* Executive in funds-of-funds group to leave
* Co-head of private markets was let go in late 2012
* Departures follow failed auction
By Luisa Beltran
NEW YORK, Feb 14 (Reuters-PeHUB) - Deutsche Bank
continues to see senior executives exit
its asset and wealth management unit several months after
failing to sell part of the business and installing new
leadership in the unit.
Colleen Sellers, who is credited with building the
private-equity funds-of-funds business, is leaving, several
sources told peHUB, a Web site published by Thomson Reuters. She
has been managing director of DB Private Equity, which is part
of the Deutsche Bank Asset & Wealth Management unit. Sellers,
who joined Deutsche Bank in 1999 through its acquisition of
Bankers Trust, led the high-net worth team before moving to
asset management in 2009, persons said.
During her career with the bank, Sellers spearheaded the
move to offer alternative products, including private equity, to
the firm's high net-worth clients, said one source.
"Colleen spent more than a decade building up the
business," a different source said. "She did
something quite special."
Meantime, Deutsche Bank said earlier this month that John
McCarthy, who had been global head of RREEF infrastructure, was
departing. The bank named Hamish Mackenzie and Nadir Maruf to
replace him. RREEF is the business within the asset and wealth
management unit responsible for raising money for Deutsche
Bank's own private-equity funds, including infrastructure and
More departures came late last year.
Chris Minter, the global head of DB Private Equity, left the
bank in October, sources said. John Crocker was let go in
mid-December, just a few weeks after being promoted to co-head
of private markets, peHUB reported earlier. Mark Schroeder, a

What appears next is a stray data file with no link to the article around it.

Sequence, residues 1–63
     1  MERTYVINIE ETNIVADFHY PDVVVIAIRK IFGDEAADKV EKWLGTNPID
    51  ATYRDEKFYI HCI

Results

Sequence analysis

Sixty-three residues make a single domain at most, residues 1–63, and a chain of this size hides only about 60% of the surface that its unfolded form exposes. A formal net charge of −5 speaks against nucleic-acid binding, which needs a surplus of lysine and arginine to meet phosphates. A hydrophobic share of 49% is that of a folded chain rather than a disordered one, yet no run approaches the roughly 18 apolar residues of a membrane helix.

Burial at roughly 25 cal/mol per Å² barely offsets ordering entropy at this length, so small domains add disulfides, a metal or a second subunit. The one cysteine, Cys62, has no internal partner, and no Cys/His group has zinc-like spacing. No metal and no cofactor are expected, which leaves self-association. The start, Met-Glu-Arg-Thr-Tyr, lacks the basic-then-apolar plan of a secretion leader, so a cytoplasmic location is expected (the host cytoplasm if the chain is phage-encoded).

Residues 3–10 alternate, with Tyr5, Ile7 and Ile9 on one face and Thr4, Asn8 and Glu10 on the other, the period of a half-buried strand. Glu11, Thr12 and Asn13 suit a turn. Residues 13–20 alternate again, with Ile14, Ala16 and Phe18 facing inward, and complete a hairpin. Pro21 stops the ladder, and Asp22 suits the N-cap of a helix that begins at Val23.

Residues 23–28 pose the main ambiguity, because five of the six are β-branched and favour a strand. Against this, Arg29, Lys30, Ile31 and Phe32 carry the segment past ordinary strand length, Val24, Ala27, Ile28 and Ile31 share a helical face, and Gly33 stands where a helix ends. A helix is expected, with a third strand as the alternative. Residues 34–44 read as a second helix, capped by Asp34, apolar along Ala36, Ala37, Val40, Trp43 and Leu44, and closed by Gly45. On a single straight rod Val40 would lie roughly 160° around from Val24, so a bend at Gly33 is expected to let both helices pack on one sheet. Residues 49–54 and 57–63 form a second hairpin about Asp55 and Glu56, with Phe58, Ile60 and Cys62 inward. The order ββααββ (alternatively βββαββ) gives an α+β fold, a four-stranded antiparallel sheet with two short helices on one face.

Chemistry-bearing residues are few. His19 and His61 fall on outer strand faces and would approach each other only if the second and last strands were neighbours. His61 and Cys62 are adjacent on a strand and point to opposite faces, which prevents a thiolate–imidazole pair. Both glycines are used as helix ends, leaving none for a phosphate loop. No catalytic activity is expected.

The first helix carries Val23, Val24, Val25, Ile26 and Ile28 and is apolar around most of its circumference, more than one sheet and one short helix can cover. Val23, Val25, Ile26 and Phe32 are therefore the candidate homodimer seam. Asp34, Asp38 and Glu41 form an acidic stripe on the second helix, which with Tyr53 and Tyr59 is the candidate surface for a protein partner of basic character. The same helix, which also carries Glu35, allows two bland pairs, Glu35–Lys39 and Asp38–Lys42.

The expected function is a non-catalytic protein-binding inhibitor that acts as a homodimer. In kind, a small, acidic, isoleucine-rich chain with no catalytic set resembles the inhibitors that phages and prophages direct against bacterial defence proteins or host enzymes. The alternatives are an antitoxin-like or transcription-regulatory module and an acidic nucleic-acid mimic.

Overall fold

managing director in the RREEF unit, also exited in December.
Chris Burnham, who joined Deutsche Bank in 2006 as vice chairman
and managing director of the asset management unit, left the
bank at the end of 2012.
Sources attributed most of the departures to Deutsche Bank's
failure to sell part of its asset management unit. Last year,
Deutsche Bank was in talks to sell some of its fund business to
Guggenheim Partners. The negotiations fell apart and, in June,
Deutsche Bank concluded a strategic review of its asset
management division without finding a buyer. Kevin Parker, who
was head of the asset management unit at the time, left Deutsche
Bank in late June, sources said.
"It's not unexpected," an industry source told peHUB of the
turnover. "There's new leadership over there."
Indeed, in June, Deutsche Bank made a slew of management
changes, including naming Michele Faissola to head the newly
formed asset and wealth management group, which combined what
had been separate asset management and wealth management
businesses. Faissola came from the capital markets side of the
bank and is credited with helping expand Deutsche Bank's rates
and commodities operations and building the ETF business,
Bloomberg has reported.
The exits that followed are significant in part because the
departing executives are so senior, sources said. Burnham, for
instance, had previously served as Under-Secretary General of
the United Nations, as well as an adviser to Mitt Romney in his
recent run for President. Before his promotion and departure
from Deutsche Bank, Crocker was a managing director in the RREEF
group, where he sold and marketed alternative asset products.
Prior to that he worked on origination at placement agency
The high-level departures can also be seen in the context of
a global restructuring that Deutsche Bank announced months ago,
a source familiar with the situation said. In July, Deutsche
Bank said it would cut 1,900 jobs in an effort to reduce $3.67
billion in expenses.
A Deutsche Bank spokeswoman declined comment for this